I was disturbed by this week's ruling by Judge David Lampe supporting Cathy Miller’s refusal to make a cake for Eileen and Mireya Rodrigues-Del Rio’s wedding.

His opinion states that because the cake had not yet been made, she was free to refuse based upon “the knowledge that her work will be displayed in celebration of a marital union her religion forbids.“

Cathy Miller, of course, applauded the decision, saying, “… I cannot be a part of a celebration that goes against my Lord and Savior.”

I served as a Christian pastor for more than 35 years, and I found nothing in all those years studying the Bible that leads me to think that Jesus, my Lord and Savior, would agree with her. Jesus, in all his recorded preaching, never spoke even once about homosexuality or same-sex unions. However, he did definitely speak out against those who were so certain of their superiority that they disregarded the poor, the lepers, the tax collectors, women and children.

Jesus preferred the “outcasts” to the “pious,” every time. What he did preach was love — love for neighbor, love for the sinner, love even for one’s enemy — a love that gives everything and holds nothing back.

I am also a fervent believer in the U.S. Constitution’s separation of Church and State. Both federal and state law now recognize same-sex unions and definitely outlaw discrimination based upon race, religion, gender or sexual orientation.

So it troubles me there are so many elements of a particular religious attitude and perspective, a solely conservative Christian perspective, that seem to have informed and guided the judge’s decision. It also makes me wonder whether the judge would have made the same ruling if a devout member of a different faith, for example a Jew, Hindu, Sikh, Muslim or Buddhist, had refused to serve someone because doing so would not be acceptable to their religious beliefs?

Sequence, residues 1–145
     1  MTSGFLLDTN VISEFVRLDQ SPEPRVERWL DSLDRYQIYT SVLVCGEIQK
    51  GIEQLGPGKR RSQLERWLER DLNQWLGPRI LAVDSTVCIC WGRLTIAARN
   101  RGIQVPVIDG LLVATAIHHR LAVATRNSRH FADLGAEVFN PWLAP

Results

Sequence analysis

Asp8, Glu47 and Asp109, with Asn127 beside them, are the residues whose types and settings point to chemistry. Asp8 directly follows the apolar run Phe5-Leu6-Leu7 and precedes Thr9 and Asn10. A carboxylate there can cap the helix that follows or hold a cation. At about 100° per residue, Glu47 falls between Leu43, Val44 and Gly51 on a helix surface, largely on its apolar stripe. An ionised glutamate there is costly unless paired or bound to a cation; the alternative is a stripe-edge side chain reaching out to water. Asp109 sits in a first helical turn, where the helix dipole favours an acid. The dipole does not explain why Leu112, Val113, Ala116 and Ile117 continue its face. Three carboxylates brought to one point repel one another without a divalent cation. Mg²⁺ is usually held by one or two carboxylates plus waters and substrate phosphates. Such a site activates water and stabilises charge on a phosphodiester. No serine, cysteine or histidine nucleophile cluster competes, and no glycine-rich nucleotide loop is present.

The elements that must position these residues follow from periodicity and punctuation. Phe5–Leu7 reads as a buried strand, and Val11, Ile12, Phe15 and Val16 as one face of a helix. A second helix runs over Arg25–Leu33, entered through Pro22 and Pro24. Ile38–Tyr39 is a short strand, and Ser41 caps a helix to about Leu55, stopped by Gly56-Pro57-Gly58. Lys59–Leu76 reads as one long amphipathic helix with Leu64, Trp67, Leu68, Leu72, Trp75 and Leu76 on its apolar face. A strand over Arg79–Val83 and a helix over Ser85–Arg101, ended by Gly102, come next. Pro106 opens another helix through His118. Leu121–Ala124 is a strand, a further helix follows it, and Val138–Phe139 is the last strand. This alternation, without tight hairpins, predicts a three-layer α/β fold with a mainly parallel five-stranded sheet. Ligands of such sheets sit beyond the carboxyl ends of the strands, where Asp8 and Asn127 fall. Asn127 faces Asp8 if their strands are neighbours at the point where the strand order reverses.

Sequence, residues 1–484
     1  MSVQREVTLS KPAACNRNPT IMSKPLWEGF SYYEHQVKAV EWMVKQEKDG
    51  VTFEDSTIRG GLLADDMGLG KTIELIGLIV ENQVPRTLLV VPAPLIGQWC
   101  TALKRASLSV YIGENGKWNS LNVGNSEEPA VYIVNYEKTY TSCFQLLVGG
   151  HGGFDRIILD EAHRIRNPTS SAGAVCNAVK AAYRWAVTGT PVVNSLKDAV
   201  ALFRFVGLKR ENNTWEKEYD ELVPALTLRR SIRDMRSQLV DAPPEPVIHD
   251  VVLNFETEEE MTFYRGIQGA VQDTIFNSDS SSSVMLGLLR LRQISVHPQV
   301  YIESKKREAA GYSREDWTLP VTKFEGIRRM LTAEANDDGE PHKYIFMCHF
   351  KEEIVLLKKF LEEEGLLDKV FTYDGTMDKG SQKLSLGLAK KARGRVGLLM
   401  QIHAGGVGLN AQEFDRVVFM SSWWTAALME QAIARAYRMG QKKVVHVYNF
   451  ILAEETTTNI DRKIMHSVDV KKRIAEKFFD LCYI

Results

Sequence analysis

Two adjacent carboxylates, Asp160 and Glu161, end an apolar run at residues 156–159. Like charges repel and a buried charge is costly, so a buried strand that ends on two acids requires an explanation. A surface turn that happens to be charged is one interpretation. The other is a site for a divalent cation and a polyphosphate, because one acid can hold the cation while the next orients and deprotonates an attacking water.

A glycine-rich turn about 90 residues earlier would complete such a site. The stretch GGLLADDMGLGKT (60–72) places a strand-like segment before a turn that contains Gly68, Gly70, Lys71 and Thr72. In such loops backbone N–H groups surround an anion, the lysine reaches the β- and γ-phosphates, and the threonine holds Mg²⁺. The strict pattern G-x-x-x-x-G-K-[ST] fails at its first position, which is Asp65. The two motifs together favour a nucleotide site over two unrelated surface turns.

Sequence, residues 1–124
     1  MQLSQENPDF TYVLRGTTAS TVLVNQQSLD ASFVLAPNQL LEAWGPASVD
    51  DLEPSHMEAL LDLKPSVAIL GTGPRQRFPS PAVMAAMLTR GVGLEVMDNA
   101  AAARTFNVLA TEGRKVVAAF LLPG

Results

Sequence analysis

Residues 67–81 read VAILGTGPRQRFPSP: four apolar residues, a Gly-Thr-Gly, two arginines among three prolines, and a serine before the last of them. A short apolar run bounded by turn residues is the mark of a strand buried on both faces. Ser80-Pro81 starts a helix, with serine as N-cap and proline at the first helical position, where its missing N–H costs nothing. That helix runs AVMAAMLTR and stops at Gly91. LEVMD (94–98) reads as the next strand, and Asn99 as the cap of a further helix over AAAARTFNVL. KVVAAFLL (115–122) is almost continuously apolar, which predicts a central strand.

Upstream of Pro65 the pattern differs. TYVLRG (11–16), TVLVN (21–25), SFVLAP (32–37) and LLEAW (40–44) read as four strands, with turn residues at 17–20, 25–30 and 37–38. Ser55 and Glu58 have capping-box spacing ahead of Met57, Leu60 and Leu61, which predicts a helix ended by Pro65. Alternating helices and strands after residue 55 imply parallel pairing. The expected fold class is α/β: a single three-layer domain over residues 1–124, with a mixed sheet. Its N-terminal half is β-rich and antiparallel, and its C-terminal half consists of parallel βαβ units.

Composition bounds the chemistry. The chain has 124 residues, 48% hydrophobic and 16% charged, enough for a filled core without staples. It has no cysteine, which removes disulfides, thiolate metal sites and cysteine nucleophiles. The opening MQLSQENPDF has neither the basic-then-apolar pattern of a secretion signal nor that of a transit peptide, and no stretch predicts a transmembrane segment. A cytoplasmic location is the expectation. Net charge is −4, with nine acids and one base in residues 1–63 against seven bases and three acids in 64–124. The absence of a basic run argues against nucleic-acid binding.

Where does the line fall between refusal based on religious convictions and outright discrimination? If you follow the judge’s logic, a chef could refuse to cook a meal for customers if his or her “faith” found people of a different race, or gender, or faith, unacceptable. After all, the meal a chef makes is also an expression of his or her expertise and creativity. It is not pre-made, but created when ordered. If it is justified to refuse to make a cake, is one justified by a claim to one’s faith to refuse to make a meal?

There was a disturbing recent post on Facebook, where an individual in San Diego had written “tips only given to U.S. citizens” on the bill for their meal. How did this person determine that their server was not a citizen? On the basis of their skin color? Their accent? A not-so-casual “where are you from?” Have some people really become so mean-spirited that they claim a “failed” citizenship test to justify stiffing a server of their tip?

Yet, in a sense, refusing to make a wedding cake for a couple because both are the same gender shows a similar rejection based upon a narrow definition of who is acceptable and who is not. I am mystified how this can be thought of as an issue of freedom of speech and artistic expression. It seems so obviously discrimination.

Eileen and Mireya Rodrigues-Del Rios came to Tastries’ Cathy Miller seeking her expertise as a baker. They did not seek a cake as a deliberate challenge to her religious beliefs.

Actually, I imagine that had Ms. Miller made the cake, the comments at the reception would have been about what a wonderful baker she was, and how lovely the cake looked. I can’t imagine anyone would have said, “This cake means that Ms. Miller is endorsing same-sex marriage.”

Cathy Miller’s version of Christianity may think same-sex marriage is forbidden, but not mine. She may think her Jesus rejects and condemns those who would enter into a loving, committed relationship via marriage, while I worship a Savior that welcomes and loves all. But then, I belong to a church that means it when we say, “No matter who you are, or where you are on life’s journey, you are welcome.”

Jenell Mahoney of Bakersfield is a retired minister who during her career served both the Methodist and Congregational churches. The views expressed are her own.